Jessica Stroope, Holston, Denise, Sims, Joy K, Losavio, Ruthie
Jessica Stroope, Ruthie Losavio, Joy K. Sims and Denise Holston
Louisiana consistently has some of the highest rates of obesity and physical inactivity in the nation. Physical inactivity and obesity are linked to increased risk of developing health problems such as Type 2 Diabetes, high blood pressure and certain types of cancer. These health risks are especially high for limited resource communities, residents of rural parishes and communities with a greater proportion of racial and ethnic minority populations.
Being physically active not only reduces health risks, but also supports overall well-being, including improving brain function, reducing stress and improving sleep quality. To improve Louisiana’s health outcomes, it is essential to recognize that both physical inactivity and obesity have causes beyond individual choices. Access to walkable neighborhoods, safe and inviting parks and community opportunities for physical activity are all critical for thriving, active communities. That’s why the LSU AgCenter Healthy Communities initiative focuses on making towns healthier places to live, work, learn and play by inviting Louisiana residents to identify key issues and come up with possible solutions. Two increasingly popular strategies for boosting physical activity and gathering community input are Play Streets and StoryWalks.
Play Streets are popup play events that provide safe places for families to get moving. Equipment such as obstacle courses, kickballs, long jump mats, parachutes, inflatable human hamster wheels, bubble machines and music are set up to promote active play, particularly in communities with limited access to parks and safe places to exercise. StoryWalks are outdoor reading experiences where pages from a children’s book are set up along a walking route. Both Play Streets and StoryWalks create safe, publicly accessible spaces for children and adults to engage in active play. At the same time, using these community resources at events also provides an ideal opportunity to gather ideas from community members on how to make their town a healthier place.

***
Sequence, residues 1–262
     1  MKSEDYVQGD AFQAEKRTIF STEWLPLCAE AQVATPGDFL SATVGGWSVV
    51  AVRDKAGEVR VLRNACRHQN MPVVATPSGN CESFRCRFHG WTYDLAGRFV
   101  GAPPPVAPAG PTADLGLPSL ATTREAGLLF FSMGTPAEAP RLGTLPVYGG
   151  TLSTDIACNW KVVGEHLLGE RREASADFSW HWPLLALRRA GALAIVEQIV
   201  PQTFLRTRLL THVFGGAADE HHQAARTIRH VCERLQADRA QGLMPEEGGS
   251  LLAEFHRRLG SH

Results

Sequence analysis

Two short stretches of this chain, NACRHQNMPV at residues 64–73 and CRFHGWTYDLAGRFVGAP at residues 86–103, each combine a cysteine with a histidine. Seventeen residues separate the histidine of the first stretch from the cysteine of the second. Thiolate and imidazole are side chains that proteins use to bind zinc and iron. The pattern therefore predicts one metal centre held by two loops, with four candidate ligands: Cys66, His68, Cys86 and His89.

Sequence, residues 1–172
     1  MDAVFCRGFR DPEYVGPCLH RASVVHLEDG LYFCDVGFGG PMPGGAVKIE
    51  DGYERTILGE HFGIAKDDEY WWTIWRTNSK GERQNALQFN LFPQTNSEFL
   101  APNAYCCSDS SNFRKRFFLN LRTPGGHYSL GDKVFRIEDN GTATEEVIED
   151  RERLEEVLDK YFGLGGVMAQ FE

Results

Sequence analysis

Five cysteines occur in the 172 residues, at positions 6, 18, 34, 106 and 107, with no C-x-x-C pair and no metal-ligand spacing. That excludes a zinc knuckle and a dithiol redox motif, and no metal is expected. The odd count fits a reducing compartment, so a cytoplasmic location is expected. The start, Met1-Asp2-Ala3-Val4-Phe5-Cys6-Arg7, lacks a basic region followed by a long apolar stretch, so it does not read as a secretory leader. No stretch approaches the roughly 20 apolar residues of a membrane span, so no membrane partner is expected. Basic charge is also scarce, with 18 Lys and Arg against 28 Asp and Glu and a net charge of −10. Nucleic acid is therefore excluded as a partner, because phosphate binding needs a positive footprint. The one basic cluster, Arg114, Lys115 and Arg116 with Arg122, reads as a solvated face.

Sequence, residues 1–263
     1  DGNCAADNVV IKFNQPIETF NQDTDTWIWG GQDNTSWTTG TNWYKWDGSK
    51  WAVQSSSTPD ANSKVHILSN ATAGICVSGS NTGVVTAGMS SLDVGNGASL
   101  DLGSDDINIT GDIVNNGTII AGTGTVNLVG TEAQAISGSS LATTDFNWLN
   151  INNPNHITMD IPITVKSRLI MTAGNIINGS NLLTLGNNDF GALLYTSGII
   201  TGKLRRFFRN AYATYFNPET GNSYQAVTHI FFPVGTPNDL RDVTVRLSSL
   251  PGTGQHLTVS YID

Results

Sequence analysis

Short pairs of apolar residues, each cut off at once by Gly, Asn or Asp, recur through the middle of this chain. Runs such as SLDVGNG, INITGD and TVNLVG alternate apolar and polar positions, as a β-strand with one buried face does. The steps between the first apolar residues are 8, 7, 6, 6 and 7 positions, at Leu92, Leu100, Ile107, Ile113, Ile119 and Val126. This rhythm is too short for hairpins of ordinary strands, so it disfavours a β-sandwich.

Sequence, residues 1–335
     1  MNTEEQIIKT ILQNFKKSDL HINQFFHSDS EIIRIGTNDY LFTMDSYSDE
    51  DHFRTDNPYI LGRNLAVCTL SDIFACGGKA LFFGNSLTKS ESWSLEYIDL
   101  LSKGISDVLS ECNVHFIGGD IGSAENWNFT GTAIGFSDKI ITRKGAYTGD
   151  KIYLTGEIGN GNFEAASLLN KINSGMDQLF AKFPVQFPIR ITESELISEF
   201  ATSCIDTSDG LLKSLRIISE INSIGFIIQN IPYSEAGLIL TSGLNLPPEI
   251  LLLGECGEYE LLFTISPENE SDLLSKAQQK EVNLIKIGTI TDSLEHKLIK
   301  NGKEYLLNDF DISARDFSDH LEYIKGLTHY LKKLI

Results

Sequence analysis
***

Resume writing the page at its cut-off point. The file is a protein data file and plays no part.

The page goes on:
“Play Streets and StoryWalks are great events to draw rural residents out into the community and provide an opportunity to get feedback on ongoing projects, present findings from recent research conducted locally and invite people to participate in other projects happening in the parish,” said Denise Holston, LSU AgCenter Healthy Communities program director and LSU School of Nutrition and Food Sciences assistant professor.
At Play Street events, LSU AgCenter Extension staff partner with organizations like the Center for Planning Excellence (CPEX) to set up idea boards with sticky notes and maps of the town and invite adults and youth alike to point out concerns and brainstorm solutions. For StoryWalks, extension agents partner with local libraries to provide picture books to families who complete an evaluation survey, which prompts participants to suggest new books and locations for future StoryWalks.